While health care professionals around the world are defined as essential and exempt from coronavirus measures, they also have exceptions to labor rights. The right to strike is restricted for reasons of public health, based on international labor conventions. But both the World Health Organization (WHO) and the Global Association of Public Employees, PSI (Public Service International) point out that in many countries, the limits on rights limitation are far beyond acceptable. This is just one of the reasons why healthcare workers often have low wages, such as in the UK and the United States; income for workers is defined as income to be able to meet workers’ family’s basic needs). In 2014, the salaries of health workers in Liberia were described as “ridiculous” by a Norwegian TV anchor. Across the world, the health sector, with a large number of migrants and a majority of women, is characterized by heavy work pressure and part-time and short-term contracts, while also suffering from under-staffing and unsustainable shift schemes.
In 2016, the WHO recommended creating at least 40 million new jobs in health and social care, especially in poor countries, to reach the sustainability goals by 2030. This year came a new report from WHO that the world needs 9 million new nurses. In Nigeria alone, 500,000 to 600,000 nurses are needed. At the same time, the African Union, the United Nations Development Program and the International Labor Organization fear that the COVID-19 crisis could lead to the loss of 20 million jobs in Africa.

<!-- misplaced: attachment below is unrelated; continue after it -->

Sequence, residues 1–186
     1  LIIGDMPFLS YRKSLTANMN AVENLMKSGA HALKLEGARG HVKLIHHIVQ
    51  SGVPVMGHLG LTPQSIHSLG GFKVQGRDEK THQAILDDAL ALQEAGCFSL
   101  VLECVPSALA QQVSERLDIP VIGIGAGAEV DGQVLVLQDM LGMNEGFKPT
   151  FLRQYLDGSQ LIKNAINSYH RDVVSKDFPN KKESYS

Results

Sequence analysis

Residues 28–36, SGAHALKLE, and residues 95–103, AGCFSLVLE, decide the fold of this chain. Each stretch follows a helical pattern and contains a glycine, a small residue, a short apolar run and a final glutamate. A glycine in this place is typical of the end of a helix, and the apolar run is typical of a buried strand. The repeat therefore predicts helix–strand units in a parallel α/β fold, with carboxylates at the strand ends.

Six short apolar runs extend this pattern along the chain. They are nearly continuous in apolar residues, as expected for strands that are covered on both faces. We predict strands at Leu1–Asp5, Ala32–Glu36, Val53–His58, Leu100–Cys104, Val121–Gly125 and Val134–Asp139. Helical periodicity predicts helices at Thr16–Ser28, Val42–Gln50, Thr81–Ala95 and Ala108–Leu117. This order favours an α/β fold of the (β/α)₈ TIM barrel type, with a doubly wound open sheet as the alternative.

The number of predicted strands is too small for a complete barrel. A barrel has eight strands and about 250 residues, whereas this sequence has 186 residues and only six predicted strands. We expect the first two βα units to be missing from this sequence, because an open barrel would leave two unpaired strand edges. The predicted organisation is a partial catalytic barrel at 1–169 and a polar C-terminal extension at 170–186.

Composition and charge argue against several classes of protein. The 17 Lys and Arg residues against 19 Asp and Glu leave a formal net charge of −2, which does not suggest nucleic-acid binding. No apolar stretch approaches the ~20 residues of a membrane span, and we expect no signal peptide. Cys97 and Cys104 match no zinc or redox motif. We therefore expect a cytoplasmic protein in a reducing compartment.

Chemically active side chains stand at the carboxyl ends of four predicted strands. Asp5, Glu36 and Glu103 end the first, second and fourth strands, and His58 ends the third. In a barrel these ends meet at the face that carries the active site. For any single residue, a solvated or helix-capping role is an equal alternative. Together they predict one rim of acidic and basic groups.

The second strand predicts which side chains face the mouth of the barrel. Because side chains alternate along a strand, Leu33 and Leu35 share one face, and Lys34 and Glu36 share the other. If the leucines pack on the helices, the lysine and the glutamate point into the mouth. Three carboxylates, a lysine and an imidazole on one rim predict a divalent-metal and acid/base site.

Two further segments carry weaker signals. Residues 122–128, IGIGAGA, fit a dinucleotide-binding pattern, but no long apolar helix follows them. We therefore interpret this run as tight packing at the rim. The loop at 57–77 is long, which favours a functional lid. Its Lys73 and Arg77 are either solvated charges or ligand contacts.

African heads of state are now confronted with a health care system they have neglected for years. African elites have often traveled abroad for treatment. Zimbabwe’s Robert Mugabe died at a hospital in Singapore. Nigerian President Mohammadu Buhari has traveled to the UK several times (one time for almost two months), while one of his predecessors, Umaru Musa Yar’Adua, preferred the hospitals in Saudi Arabia (he eventually died there). African heads of state are to blame, but we must also remember a long history of international demands. Underfunding of the health sector is also linked to borrowing requirements for public savings from the International Monetary Fund and the World Bank. But today even the IMF recommends increased investment in the Nigerian health care system.
Social security is also an integral part of the decent working life agenda in Sustainability Goal 8 of the United Nations, which unfortunately is often reduced to mean just job creation (in the private sector). Trade union PSI recalls that although the right to health is enshrined in no less than 150 countries’ constitution, privatization has meant that access to health is unfairly distributed and dependent on class. Without private health insurance, which is often linked to work, the right for many becomes a theoretical exercise. In Africa, many of the 70 percent of the informal sector’s workforce have weak or poor access to health. During the coronavirus crisis we are reminded that this is not only unfair, but dangerous for the more privileged of us.
It is not only the health workers at PSI who insist that public health is more resilient, strong and fair. A partially privatized health care system is fragmented and unable to effectively coordinate infection control. To address the coronavirus crisis, both Ireland and Spain have nationalized health enterprises. In Norwegian aid, health and education are two of the most important development goals. Both should be linked to job creation and workers’ rights.